What is a Personal Line of Credit
A personal line of credit is an unsecured revolving account with a variable interest rate allowing you to borrow money as you need it. Essentially, you can use it as a credit card to cover significant expenses at places that don’t take credit.
The Major Benefits of a Personal Line Of Credit:
First, I would like to be clear that you never want to borrow money unless absolutely necessary. I use a personal line of credit to smooth out major expenses and want to share what I learned looking for and setting up my account.
Warning: If your problem is an imbalanced budget, a personal line of credit is not the answer. Borrowing for routine living expenses is a sure-fire way to end up in the poor house.
Supercharge Your Debt Reduction by Changing Your Financial Narrative
Which kind of statements do you use more frequently? “I live a charmed life. Things always work out for me.” OR “I can never catch a break. Things are never easy for me.
The stories we tell ourselves about money interplay with our sense of personal and social identity and can have a profound effect on our financial lives. As you transition from being a “poor resident physician” to “rich doctor” the financial narrative you tell yourself can change. This change in narrative sets the stage for financial mistakes that will follow you for years if not identified and corrected. You can supercharge your debt reduction by changing your financial narrative around a well-planned goal.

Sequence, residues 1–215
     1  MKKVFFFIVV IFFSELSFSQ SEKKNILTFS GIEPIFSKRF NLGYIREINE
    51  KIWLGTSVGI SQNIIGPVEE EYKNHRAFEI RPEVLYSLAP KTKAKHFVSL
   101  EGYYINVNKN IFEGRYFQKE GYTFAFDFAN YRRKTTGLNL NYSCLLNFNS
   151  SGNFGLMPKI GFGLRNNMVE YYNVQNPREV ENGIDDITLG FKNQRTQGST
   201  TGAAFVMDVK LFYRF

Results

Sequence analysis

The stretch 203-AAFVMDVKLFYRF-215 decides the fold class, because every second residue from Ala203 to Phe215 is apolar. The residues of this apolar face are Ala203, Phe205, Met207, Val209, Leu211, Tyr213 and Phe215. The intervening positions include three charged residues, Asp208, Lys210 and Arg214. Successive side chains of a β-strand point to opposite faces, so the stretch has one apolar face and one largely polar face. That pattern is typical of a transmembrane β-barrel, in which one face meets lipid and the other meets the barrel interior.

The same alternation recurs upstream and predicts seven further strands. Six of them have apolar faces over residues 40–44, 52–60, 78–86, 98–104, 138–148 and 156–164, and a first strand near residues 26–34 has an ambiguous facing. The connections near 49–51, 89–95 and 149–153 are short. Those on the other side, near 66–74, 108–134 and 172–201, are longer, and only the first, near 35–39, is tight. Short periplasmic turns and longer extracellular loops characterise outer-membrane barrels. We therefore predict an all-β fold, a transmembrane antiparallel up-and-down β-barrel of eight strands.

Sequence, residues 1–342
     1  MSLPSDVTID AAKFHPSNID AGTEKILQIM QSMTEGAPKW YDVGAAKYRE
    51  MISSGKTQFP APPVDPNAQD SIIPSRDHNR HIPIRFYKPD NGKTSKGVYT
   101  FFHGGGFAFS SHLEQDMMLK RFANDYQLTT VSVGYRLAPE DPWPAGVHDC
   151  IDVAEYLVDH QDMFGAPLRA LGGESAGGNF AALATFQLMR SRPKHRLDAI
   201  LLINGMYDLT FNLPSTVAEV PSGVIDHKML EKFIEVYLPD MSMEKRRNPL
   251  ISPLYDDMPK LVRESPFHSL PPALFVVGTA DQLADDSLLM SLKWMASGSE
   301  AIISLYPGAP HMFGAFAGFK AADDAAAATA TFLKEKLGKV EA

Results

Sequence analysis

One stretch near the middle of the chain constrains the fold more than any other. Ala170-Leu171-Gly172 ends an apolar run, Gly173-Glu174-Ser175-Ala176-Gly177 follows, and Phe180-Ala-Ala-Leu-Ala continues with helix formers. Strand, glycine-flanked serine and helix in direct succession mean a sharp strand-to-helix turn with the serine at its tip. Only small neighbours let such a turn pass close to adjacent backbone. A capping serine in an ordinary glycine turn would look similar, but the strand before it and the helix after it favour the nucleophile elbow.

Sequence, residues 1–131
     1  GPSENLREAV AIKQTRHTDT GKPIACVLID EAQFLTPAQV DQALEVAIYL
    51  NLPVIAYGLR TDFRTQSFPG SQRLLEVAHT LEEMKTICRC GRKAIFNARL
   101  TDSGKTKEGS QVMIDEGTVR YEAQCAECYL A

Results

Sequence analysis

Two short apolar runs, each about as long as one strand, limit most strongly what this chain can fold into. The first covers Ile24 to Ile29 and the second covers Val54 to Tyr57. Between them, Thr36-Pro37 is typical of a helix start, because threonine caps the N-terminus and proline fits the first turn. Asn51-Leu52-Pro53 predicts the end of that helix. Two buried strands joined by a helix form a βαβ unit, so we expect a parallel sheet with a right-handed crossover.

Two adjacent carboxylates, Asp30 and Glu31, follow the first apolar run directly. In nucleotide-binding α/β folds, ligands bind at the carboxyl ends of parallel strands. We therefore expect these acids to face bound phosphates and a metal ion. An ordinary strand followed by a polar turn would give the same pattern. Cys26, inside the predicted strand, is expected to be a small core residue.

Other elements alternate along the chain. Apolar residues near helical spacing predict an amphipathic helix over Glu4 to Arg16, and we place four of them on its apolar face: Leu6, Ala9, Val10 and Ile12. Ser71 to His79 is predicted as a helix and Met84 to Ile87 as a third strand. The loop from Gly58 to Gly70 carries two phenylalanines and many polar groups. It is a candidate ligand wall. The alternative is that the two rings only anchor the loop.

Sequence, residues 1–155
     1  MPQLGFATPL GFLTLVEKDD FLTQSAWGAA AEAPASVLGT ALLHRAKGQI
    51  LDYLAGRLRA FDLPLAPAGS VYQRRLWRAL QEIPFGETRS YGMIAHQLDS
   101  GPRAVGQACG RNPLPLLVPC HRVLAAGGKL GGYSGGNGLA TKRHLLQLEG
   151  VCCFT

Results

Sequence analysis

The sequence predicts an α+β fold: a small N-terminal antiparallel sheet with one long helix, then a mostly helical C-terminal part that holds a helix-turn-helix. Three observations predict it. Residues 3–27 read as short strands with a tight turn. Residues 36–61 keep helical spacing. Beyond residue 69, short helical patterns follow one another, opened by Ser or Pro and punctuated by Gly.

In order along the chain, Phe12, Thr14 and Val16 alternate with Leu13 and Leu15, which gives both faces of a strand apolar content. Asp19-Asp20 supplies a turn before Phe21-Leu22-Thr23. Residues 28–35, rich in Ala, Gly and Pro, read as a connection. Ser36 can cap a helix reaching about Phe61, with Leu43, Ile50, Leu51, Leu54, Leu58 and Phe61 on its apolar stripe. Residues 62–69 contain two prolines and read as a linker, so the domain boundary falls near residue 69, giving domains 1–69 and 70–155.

The correct response to this sort of debt is, “AAAAAUUUUUUGGGHHHH!!!! THERE IS A CLOUD OF KILLER BEES COVERING EVERY SQUARE INCH OF MY BODY AND STINGING ME CONSTANTLY!!!! I NEED TO STOP IT BEFORE I AM KILLED!!!”
–Mr. Money Mustache
For some reason, I didn’t mind accumulating a few hundred thousands of dollars of student loan and mortgage debt within ten years of medical school. Being a little naive, I figured I could just turn on the savings and retire that debt as soon as I wanted. I had no reason to think otherwise. All my life I had been told that debt was safe, if it was the right kind of debt. As long as I wasn’t carrying around 5 figure credit card balances, I was to be commended for doing an excellent job managing my debt. I was never a free spender and was very diligent with my budget working my way through college. When I entered medical school, I was told, borrow as much as you can, focus on your studies. You won’t have any trouble paying it back.
The unfortunate honor of hitting one million dollars in debt is unique. It is normally difficult for an individual to amass such a burden of debt to repay in their lifetime. Banks simply will not loan you that much money. The increasing costs of higher education are pushing many young professionals to these debt levels and beyond as they finish their education. With newly minted diplomas in hand costing hundreds of thousands of dollars, they proceed to purchase their first homes costing hundreds of thousands more. This scenario results in a young, highly-educated professional in their early 30’s thinking “I did everything they told me to, why are things so bad!” Financially they are now worse off than if they were starting at zero. The situation is magnified when they marry another young professional who has made the same choices.